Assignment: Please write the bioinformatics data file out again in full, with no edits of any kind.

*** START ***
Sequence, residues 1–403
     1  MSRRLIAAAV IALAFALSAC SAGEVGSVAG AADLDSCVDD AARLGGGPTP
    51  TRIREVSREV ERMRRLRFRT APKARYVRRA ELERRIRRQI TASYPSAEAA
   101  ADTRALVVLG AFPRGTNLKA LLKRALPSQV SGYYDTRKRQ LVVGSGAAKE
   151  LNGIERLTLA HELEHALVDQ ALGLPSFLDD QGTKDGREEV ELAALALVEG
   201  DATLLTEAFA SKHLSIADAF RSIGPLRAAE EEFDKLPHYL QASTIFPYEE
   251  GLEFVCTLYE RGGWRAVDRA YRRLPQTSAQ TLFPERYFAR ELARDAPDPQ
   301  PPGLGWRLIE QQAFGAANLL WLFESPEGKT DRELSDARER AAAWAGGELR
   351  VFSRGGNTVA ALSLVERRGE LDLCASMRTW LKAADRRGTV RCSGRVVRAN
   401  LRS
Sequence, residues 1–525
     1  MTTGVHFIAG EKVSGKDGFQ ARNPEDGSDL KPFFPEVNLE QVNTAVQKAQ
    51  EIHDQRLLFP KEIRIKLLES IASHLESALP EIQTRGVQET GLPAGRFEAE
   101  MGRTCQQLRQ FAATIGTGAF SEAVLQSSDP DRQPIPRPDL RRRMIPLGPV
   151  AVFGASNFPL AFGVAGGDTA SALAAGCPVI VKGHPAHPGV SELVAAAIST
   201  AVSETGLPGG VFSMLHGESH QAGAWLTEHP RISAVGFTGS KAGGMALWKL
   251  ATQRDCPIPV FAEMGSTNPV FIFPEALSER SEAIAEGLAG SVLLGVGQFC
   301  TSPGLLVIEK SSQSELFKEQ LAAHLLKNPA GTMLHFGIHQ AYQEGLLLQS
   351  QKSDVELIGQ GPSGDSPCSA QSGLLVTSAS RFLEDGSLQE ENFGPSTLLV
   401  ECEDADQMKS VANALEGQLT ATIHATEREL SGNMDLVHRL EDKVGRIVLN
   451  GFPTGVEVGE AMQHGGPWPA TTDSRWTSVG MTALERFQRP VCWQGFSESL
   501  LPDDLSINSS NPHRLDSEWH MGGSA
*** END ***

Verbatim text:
Sequence, residues 1–403
     1  MSRRLIAAAV IALAFALSAC SAGEVGSVAG AADLDSCVDD AARLGGGPTP
    51  TRIREVSREV ERMRRLRFRT APKARYVRRA ELERRIRRQI TASYPSAEAA
   101  ADTRALVVLG AFPRGTNLKA LLKRALPSQV SGYYDTRKRQ LVVGSGAAKE
   151  LNGIERLTLA HELEHALVDQ ALGLPSFLDD QGTKDGREEV ELAALALVEG
   201  DATLLTEAFA SKHLSIADAF RSIGPLRAAE EEFDKLPHYL QASTIFPYEE
   251  GLEFVCTLYE RGGWRAVDRA YRRLPQTSAQ TLFPERYFAR ELARDAPDPQ
   301  PPGLGWRLIE QQAFGAANLL WLFESPEGKT DRELSDARER AAAWAGGELR
   351  VFSRGGNTVA ALSLVERRGE LDLCASMRTW LKAADRRGTV RCSGRVVRAN
   401  LRS
Sequence, residues 1–525
     1  MTTGVHFIAG EKVSGKDGFQ ARNPEDGSDL KPFFPEVNLE QVNTAVQKAQ
    51  EIHDQRLLFP KEIRIKLLES IASHLESALP EIQTRGVQET GLPAGRFEAE
   101  MGRTCQQLRQ FAATIGTGAF SEAVLQSSDP DRQPIPRPDL RRRMIPLGPV
   151  AVFGASNFPL AFGVAGGDTA SALAAGCPVI VKGHPAHPGV SELVAAAIST
   201  AVSETGLPGG VFSMLHGESH QAGAWLTEHP RISAVGFTGS KAGGMALWKL
   251  ATQRDCPIPV FAEMGSTNPV FIFPEALSER SEAIAEGLAG SVLLGVGQFC
   301  TSPGLLVIEK SSQSELFKEQ LAAHLLKNPA GTMLHFGIHQ AYQEGLLLQS
   351  QKSDVELIGQ GPSGDSPCSA QSGLLVTSAS RFLEDGSLQE ENFGPSTLLV
   401  ECEDADQMKS VANALEGQLT ATIHATEREL SGNMDLVHRL EDKVGRIVLN
   451  GFPTGVEVGE AMQHGGPWPA TTDSRWTSVG MTALERFQRP VCWQGFSESL
   501  LPDDLSINSS NPHRLDSEWH MGGSA